As to that objection which some have made, that the phrase, dying thou shalt die, is several times used in the Books of Moses, to signify temporal death, it can be of no force : For it has been shewn already, that the same phrase is sometimes used in scripture to signify eternal death, in instances much more parallel with this. But indeed nothing can be certainly argued concerning the nature of the thing intended, from its being expressed in such a manner. For it is evident that such repetitions of a word in the Hebrew language, are no more than an emphasis upon a word in the more modern languages, to signify the great degree of a thing, the importance of it, or the certainty of it, &c. When we would signify and impress these, we commonly put an emphasis on our words : Instead of this, the Hebrews, when they would express a thing strongly, repeated or doubled the word, the more to impress the mind of the hearer; as may be plain to every one in the least conversant with the Hebrew Bible. The repetition in the threatening to Adam, therefore only Vol. VI.
implies the solemnity and importance of the threatening. But God may denounce either eternal or temporal death with peremptoriness and solemnity, and nothing can certainly be inferred concerning the nature of the thing threatened, because it is threatened with emphasis, more than this, that the threatening is much to be regarded. Though it be true, that it might in an especial manner be expected that a threatcning of eternal death would be denounced with great emphasis, such a threatening being infinitely important, and to be regarded above all others.
74'herein it is inquired, whether there be any thing in the history
of the three first chapters of Genesis, which should lead us to suppose that God, in his constitution with Adam, dealt with mankind in general, as included in their first father, and that the threatening of death, in case he should eat the forbidden fruit, had respect not only to him, but his pos. terity ?
DR. TAYLOR, rehearsing that threatening to Adam, Thou shalt surely die, and giving us his paraphrase of it, p. 7, 8, concludes thus : “ Observe, here is not one word relating to Adam's posterity." But it may be observed in opposition to this, that there is scarcely one word that we have an account of, which God ever said to Adam or Eve, but what does manifestly include their posterity in the meaning and design of it. There is as much of a word said about Adam's posterity in that threatening, as there is in those words of God 10 Adam and Eve, Gen. i. 28 ; “ Be fruitful, and multiply, and replenish the earth, and subduc it ;" and as much in events,
to lead us to suppose Adam's posterity to be included. There is as much of a word of his posterity in that threatening, as in those words, verse 29. “Behold, I have given you every herb bearing seed....and every tree in which is the fruit of a tree yielding seed," &c. Even when God was about to create Adam, what he said on that occasion, had not respect only to Adam, but to his posterity. Gen. i. 26. “Let us make man in our image, and let them have dominion over the fish of the sea,” &c. And, what is more remarkable, there is as mucii of a word said about Adam's posterity in the threatening of death, as there is in that sentence, Gen. iii. 19. “Unto dust shalt thou return." Which Dr. Taylor himself supposes to be a sentence pronounced for the execution of that very threatening, “ Thou shalt surely die ;” and which sentence he himself also often speaks of as including Adam's posterity; and what is much more remarkable still, is a sentence which Dr. Taylor himself often speaks of, as including his posterity, as a sentence of condemnation, as a judicial sentence, and a sentence which God pronounced with regard to Adam's posterity, acting the part of a Judge, and as such condemning them to temporal death. Though he is therein ytterly inconsistent with himself, inasmuch as he at the same time abundantly insists, that death is not brought on Adam's posterity in consequence of his sin, at all as a punishment; but merely by the gracious disposal of a Father, bestowing a benrfit of the highest nature upon them.*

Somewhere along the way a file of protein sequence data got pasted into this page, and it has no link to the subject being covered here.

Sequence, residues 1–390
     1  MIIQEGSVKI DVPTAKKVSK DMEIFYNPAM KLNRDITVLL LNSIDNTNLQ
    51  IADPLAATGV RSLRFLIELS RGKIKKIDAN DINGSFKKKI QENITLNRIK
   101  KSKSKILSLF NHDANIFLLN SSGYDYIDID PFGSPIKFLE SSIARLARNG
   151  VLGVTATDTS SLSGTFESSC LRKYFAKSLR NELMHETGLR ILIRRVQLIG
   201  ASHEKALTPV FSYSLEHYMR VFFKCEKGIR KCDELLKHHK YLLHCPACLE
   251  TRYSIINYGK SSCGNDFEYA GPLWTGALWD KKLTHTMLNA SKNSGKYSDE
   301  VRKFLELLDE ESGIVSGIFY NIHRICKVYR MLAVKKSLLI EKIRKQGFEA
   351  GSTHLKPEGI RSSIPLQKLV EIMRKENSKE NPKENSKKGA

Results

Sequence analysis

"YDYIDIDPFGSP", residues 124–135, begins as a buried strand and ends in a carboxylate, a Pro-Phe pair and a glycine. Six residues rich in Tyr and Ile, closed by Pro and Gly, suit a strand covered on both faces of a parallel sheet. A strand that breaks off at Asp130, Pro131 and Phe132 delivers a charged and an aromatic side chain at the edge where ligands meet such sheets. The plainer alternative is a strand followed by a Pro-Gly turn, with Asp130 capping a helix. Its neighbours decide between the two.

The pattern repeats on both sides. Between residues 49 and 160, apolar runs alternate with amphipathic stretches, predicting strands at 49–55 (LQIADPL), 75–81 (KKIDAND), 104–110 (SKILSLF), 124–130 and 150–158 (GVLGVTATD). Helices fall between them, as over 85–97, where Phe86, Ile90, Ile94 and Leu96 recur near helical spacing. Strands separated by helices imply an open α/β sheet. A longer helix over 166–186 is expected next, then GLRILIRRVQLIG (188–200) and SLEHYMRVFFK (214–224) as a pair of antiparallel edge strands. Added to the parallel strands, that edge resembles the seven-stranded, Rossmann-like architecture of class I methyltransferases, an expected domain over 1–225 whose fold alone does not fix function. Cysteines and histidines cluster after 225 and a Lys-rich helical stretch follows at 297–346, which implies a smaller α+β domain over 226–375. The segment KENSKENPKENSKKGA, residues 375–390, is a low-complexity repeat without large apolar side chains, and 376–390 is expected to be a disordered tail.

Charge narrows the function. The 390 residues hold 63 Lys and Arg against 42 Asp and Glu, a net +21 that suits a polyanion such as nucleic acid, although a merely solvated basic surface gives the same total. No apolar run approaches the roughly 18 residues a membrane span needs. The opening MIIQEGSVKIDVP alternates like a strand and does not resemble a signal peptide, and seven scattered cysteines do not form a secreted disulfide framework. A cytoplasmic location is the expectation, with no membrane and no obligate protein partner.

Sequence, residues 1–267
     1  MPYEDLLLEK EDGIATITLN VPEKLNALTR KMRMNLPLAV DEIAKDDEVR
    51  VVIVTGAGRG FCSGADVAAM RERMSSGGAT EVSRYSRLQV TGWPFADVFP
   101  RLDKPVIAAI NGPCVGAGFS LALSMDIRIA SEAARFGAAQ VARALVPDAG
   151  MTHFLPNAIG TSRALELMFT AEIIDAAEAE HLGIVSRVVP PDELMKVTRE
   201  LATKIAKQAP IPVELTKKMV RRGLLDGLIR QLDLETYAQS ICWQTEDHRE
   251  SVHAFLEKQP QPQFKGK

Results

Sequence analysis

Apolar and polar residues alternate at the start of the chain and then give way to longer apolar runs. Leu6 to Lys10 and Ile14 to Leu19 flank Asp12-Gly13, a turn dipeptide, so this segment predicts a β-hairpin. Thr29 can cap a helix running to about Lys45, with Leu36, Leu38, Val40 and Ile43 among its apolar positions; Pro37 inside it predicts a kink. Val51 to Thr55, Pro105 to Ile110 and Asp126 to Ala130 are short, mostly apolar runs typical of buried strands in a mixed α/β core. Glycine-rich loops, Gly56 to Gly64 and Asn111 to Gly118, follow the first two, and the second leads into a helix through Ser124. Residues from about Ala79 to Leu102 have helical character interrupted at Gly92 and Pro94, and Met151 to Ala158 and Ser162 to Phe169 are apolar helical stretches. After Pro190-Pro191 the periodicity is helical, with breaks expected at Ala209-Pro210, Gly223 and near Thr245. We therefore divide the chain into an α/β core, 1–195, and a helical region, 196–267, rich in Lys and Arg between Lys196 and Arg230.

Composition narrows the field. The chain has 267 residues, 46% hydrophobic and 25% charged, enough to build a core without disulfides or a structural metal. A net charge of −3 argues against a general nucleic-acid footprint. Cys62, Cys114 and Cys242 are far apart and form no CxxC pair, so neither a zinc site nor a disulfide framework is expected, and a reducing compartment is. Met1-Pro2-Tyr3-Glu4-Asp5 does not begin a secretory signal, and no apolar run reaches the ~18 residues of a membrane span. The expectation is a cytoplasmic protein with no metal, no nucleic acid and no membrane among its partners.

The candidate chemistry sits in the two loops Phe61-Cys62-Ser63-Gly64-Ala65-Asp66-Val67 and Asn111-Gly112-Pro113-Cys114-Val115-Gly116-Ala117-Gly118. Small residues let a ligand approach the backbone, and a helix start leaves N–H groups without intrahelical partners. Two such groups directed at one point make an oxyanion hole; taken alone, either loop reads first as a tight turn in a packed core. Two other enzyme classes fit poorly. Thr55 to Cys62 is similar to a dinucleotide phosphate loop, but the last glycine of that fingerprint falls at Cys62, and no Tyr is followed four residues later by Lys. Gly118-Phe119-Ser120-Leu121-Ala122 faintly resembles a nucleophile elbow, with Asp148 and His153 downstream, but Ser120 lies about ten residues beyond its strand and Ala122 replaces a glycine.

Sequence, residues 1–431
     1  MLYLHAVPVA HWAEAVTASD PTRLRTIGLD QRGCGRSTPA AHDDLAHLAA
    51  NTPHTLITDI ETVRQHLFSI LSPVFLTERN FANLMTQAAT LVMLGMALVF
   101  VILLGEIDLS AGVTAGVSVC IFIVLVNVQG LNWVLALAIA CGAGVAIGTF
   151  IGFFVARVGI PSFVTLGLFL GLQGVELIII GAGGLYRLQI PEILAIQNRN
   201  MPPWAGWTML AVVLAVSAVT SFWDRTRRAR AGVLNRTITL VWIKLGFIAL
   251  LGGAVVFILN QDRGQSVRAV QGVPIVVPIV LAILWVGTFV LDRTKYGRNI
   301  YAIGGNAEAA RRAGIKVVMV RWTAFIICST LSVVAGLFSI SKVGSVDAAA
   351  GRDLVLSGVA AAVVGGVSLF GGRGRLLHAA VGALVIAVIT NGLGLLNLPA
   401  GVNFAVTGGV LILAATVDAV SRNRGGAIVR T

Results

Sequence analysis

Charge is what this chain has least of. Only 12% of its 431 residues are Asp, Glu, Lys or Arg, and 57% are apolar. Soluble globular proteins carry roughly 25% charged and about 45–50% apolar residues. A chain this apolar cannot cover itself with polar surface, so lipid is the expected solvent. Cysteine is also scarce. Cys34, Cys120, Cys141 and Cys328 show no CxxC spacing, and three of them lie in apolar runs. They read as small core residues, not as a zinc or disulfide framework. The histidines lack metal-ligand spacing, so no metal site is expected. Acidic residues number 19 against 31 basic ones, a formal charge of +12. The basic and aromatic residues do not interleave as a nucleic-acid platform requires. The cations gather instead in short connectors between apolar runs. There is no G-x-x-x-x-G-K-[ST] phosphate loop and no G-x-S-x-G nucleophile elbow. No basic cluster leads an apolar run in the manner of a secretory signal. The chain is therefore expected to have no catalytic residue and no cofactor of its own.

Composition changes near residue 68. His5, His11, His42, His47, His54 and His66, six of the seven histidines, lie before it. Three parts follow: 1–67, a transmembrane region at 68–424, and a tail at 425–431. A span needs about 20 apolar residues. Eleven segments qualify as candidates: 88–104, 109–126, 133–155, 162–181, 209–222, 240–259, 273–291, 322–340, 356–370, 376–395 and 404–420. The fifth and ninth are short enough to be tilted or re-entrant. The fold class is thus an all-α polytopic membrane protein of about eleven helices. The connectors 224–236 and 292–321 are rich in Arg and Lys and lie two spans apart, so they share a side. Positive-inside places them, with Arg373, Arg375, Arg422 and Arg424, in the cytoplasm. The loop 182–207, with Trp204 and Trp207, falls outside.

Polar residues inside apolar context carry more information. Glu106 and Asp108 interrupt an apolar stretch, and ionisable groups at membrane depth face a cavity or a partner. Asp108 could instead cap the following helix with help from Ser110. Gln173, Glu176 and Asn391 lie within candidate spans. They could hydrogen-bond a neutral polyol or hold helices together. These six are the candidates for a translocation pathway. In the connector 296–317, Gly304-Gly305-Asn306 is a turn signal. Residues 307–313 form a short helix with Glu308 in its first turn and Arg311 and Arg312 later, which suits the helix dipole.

But I shall shew that I do not in any of these things falsely charge, or misrepresent Dr. Taylor. He speaks of the sentence in chap. ii. 19, as pronounced in pursuance of the threatening in the former chapter, in these words, pages 17, 18. “ The sentence upon man, verses 17, 18, 19, first affects the earth, upon which he was to sụbsist : The ground should be incumbered with many noxious weeds, and elie tillage of it more toilsome ; which would oblig- the man to procure a sustenance by hard labor, till he should die, and drop into the ground, from whence he was taken. Thus death entered by
* Page 27, 5,